Credit card borrowing grows at fastest annual rate since 2005
Household credit card borrowing rose at the fastest annual rate since 2005 in April, according to Bank of England figures – just as a series of price hikes began to hit.
The annual growth rate of all consumer credit, which includes credit card borrowing, overdrafts, personal loans and auto financing, fell from 5.2% in March to 5.7% in april. This is the highest rate since February 2020.
In total, the annual growth rate of credit card borrowing was 11.6% – marking the highest rate since November 2005 – according to the Money and Credit report.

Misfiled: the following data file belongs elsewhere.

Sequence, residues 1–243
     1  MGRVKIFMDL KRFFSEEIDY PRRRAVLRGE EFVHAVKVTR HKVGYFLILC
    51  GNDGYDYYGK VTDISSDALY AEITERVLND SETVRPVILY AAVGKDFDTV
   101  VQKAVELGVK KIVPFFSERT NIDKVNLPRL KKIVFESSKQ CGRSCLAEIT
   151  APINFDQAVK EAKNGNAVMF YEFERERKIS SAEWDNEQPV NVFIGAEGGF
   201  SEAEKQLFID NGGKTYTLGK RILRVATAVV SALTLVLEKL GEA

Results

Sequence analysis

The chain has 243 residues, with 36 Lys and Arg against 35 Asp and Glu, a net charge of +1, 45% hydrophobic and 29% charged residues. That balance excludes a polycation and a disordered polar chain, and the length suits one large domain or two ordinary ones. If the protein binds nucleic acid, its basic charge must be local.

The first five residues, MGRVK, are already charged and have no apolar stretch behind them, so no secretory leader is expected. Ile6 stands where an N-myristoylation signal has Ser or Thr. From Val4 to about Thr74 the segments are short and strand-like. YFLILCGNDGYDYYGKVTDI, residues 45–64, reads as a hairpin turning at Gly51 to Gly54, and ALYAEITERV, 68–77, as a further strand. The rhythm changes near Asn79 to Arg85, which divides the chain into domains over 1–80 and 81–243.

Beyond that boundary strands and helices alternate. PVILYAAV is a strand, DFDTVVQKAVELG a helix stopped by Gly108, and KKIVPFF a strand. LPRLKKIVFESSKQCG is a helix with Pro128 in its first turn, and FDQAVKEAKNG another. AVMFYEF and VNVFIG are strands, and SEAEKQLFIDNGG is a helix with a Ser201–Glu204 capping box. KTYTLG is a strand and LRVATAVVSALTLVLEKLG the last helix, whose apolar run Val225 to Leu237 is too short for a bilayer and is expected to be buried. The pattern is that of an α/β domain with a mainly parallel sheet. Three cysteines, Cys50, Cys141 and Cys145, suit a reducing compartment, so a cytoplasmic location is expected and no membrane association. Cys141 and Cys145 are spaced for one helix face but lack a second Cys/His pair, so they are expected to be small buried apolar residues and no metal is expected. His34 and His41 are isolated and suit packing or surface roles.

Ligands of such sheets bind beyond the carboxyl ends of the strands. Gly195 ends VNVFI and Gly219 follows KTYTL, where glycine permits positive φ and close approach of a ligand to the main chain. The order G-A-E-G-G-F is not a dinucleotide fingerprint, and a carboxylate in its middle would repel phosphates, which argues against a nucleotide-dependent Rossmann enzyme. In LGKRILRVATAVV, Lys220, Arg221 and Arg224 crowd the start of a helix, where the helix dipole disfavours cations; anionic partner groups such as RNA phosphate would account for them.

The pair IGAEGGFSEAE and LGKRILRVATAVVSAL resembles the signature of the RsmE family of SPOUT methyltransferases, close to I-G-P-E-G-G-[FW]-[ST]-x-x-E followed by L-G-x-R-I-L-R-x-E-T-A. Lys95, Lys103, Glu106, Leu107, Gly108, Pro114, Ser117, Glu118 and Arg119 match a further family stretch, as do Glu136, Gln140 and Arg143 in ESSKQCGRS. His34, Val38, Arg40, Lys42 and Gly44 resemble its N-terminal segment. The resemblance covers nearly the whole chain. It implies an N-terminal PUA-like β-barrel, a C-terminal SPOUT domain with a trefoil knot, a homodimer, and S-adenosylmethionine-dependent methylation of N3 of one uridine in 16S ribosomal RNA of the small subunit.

An increase in the energy price cap, council tax increases and a 1.25 percentage point increase in National Insurance (NI) to pay for health and social care were among the costs highest in April.
Last week, Chancellor Rishi Sunak announced a package of support measures to help those facing the cost of living, including help for those who are particularly vulnerable.
Thomas Pugh, economist at RSM UK, said: “The latest figures from Money and Credit suggest that consumers are borrowing more and more to protect their way of life from soaring inflation.”
Alice Haine, personal finance analyst at investment platform Bestinvest, said: “The fear is that with inflation at 9% – a 40-year high – and energy and fuel costs soaring, the situation will only get worse as the cost of living crisis deepens.”
She added: ‘The risk is that those who go into debt now will create a host of problems for themselves later when costs rise even more.’